Craig Wedren is, perhaps, a poster child for rock ‘n’ roll versatility and pop-star enigma. From Column A, he is a celebrated veteran of the HarDCore scene in the Nation’s Capital—the front-man for Shudder to Think on Dischord Records. Column B, his band signed with a major label and—no doubt about it—made pop-rock of a tuneful variety that was virtually devoid of screaming and atonal thrashing. Back in Column A, he currently leads a genre-defying band of obscure coolness (Baby), but—Column B—he is an A-List film score composer whose work is known from mainstream hits like School of Rock. (Yes, I am aware that I put “A-List” in Column B. That’s the point—this stuff is all mixed up!)
Wedren, in short, is too cool to be huge yet too good to be marginalized.
His first solo release is called Lapland. Shudder to Think and Baby fans will recognize Mr. Wedren’s haunting tenor—a voice that croons with falsetto beauty but also cuts through the rock clatter with some considerable ease. Though Shudder to Think was often called a punk band (its Dischord/MacKaye cred worn, as they say, sleevishly), Mr. Wedren’s voice is the furthest thing from a shriek, and on Lapland it is put in gorgeous context.
The instrumental accompaniment here is about as gentle as rock comes—mostly undistorted arpeggiated guitars and bass, drums as often played with brushes as with sticks, and plenty of pretty minor and major seven chords. My mother would note—“You can understand the words when he sings! I like that!” Lapland features more than its share of ooohing background vocals and choruses that reach for poignant or bittersweet feeling. In short, while never a “folk”-styled work, it qualifies without much effort as a singer-songwriter album.
Check out “Do You Harm”, which starts with a smartly strummed acoustic guitar. Craig plaintively sings, “Drove my love to the river tonight / Top down, radio up / Watched the full moon shiver in the water / Headlights shimmer above.” Maybe it couldn’t be a Cat Stevens song, but no one would flinch if Sheryl Crow covered this song. But even on a gently tuneful track like this one, Mr. Wedren’s pop-rock instincts are too utterly sure to allow the song to be soft or flabby. “And then love drops dead,” he intones. “My heart is cruel / My love’s a foolish song / And my head is so strong / I didn’t mean to do you harm.” The lyrics turn tougher and better, and the voice combines mid-range urgency with keening falsetto. But mostly, the chorus hook is so good that you’re humming it an hour later. Honestly, Sheryl Crow would be lucky to have such a hit on her hands.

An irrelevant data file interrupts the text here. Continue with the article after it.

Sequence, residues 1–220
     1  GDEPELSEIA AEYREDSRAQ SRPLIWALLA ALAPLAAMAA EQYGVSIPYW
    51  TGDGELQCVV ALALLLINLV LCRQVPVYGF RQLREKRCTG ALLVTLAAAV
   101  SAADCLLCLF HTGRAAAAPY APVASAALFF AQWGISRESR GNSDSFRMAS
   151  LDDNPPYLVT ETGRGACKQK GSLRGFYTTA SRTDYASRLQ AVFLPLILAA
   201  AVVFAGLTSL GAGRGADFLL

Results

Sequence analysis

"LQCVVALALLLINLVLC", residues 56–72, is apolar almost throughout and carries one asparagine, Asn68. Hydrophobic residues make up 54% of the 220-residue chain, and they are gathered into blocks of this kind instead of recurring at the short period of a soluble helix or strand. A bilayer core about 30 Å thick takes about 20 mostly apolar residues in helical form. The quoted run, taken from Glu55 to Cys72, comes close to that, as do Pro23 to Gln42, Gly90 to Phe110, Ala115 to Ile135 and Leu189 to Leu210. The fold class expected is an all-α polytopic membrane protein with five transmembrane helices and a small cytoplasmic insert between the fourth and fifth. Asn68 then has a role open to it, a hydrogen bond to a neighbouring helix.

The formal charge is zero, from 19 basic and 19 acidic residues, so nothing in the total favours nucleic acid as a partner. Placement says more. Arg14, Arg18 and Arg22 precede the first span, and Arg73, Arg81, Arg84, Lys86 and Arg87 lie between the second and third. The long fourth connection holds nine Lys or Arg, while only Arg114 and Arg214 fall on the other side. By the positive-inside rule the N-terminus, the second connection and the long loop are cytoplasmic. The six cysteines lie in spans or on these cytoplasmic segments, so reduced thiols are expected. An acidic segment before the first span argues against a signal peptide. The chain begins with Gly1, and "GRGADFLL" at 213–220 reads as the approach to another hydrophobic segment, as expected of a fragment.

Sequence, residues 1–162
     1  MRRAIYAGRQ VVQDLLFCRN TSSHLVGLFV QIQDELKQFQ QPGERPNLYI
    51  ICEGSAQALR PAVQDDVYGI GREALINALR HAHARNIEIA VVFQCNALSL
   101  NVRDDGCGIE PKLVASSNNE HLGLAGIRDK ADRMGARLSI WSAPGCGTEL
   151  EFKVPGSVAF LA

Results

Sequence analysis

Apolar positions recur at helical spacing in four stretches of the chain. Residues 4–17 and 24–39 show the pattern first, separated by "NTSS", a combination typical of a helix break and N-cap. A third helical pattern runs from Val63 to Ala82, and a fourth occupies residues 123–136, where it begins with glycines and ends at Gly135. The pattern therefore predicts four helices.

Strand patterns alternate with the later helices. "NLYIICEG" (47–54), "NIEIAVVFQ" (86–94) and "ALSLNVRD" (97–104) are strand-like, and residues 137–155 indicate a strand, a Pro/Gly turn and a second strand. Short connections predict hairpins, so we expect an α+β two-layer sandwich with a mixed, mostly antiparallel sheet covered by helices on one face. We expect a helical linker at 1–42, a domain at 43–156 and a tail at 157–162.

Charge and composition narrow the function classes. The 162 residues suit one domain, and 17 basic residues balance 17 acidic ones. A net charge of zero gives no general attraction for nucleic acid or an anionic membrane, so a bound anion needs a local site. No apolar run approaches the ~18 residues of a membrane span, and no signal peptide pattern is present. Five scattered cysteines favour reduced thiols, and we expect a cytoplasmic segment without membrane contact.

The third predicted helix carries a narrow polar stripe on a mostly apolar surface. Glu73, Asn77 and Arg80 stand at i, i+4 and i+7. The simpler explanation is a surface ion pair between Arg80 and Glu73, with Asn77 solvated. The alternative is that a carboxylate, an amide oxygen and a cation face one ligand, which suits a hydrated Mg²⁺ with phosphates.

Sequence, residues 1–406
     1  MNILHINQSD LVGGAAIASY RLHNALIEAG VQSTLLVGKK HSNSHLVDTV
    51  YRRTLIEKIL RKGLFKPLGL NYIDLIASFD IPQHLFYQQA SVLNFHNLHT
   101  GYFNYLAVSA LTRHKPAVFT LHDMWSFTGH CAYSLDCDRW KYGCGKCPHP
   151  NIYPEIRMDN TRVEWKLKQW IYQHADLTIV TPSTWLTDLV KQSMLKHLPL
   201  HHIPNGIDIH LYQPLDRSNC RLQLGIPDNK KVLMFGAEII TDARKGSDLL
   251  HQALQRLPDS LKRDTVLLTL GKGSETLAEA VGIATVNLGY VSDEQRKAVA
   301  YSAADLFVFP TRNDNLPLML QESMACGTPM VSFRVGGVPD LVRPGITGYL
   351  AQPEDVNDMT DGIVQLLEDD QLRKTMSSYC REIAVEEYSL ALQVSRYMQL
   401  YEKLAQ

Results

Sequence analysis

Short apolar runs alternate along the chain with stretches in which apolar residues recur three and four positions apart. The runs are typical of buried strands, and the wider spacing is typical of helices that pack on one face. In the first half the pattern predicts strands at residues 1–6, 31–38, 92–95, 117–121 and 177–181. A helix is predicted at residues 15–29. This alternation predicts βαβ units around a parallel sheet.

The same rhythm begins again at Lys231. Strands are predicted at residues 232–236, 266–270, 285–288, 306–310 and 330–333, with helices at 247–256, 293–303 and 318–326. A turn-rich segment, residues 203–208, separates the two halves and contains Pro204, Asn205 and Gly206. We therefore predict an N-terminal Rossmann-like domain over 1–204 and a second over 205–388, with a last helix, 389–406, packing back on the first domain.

And, ultimately, that’s what distinguishes Lapland—GREAT songs. “Wanna Drive” starts with a series of “oooh"s in a pungent three-note figure, then tersely tells a strange road story. “Fifteen Minutes Late” moves dramatically from a peeping Tom narrative to a self-meditation that never fails to be compellingly melodic. “Rain Diamonds” seems like a straight verse-chorus-bridge song at first, but then it proves to be more original and surprising, with evocative imagery and a chorus that hides, morphs, and reappears slyly. “Born Curious” uses a chugging rock bassline and a hiccupped Elvis chorus (“I’m so hot-for-her, heart so hyper / With a mouth born curious, it don’t mean a thing”) that melts away into four-part oooohs on the out chorus. These tracks—and quite a few more—are crafted like hits but performed and recorded in a way that leaves then plain enough not to seem calculated, cheap or glossy. Clocking in around three minutes each, Mr. Wedren’s pop confections aren’t oversweet or stuffed with Boston crème. Though tasty, they don’t seem like they’ll spoil a diet of indie-rock eccentricity.
The thrill of Lapland, in fact, is the way it suggests that relatively old-fashioned songcraft—the kind of harmony-rich composing that we associate with the Tin Pan Alley songwriters such as Hoagy Carmichael and even Burt Bacharach—can still work in a post-Nirvana world. Craig Wedren writes more than a few songs that seem like tiny pop symphonies (check out “She Don’t Sleep”, with its rhythmic stops and shifts, its lush backing vocals, its chiming guitar break, then its dead stop and restart halfway through) but that avoid the over-sheen and chrome-polished sparkle of the recent Steely Dan records. While Becker and Fagen place their lyrical smirks into fine-tuned Rolls Royces of sound, Craig Wedren’s elusive lyrics are encased in high-class music played without overstudied perfection. The combination works utterly.
If Lapland has a weakness, it may be its failure to deliver a dash of musical Tabasco—a straight rocker to contrast with the milder musical tastes primarily on the menu. The program amounts to a kind of high quality “chamber rock”—devoid of the “icing” of keyboards or saxophones or other fancy sweetening, but also devoid of any rocky rump-kicking that might clear the air before the next craft-driven pop song takes wing.
Such a quibble only clarifies that Lapland is short of being a classic while nevertheless being superb. It is the work of a craftsman and wide-ranging talent, a guy who lives and breathes music in several different contexts and who, here, stakes a claim as a new kind of singer-songwriter. Most bands would trade their favorite amps to have a fifth of the melodic strength of Craig Wedren. The listener gets all that melody merely for the price of a CD on a remarkably small label.
Here’s to the musicians who haven’t forgotten how to pack so much into three minutes—may they forever find a way to make a living despite prevailing tastes. Craig Wedren, his own man, delivers with assurance on Lapland
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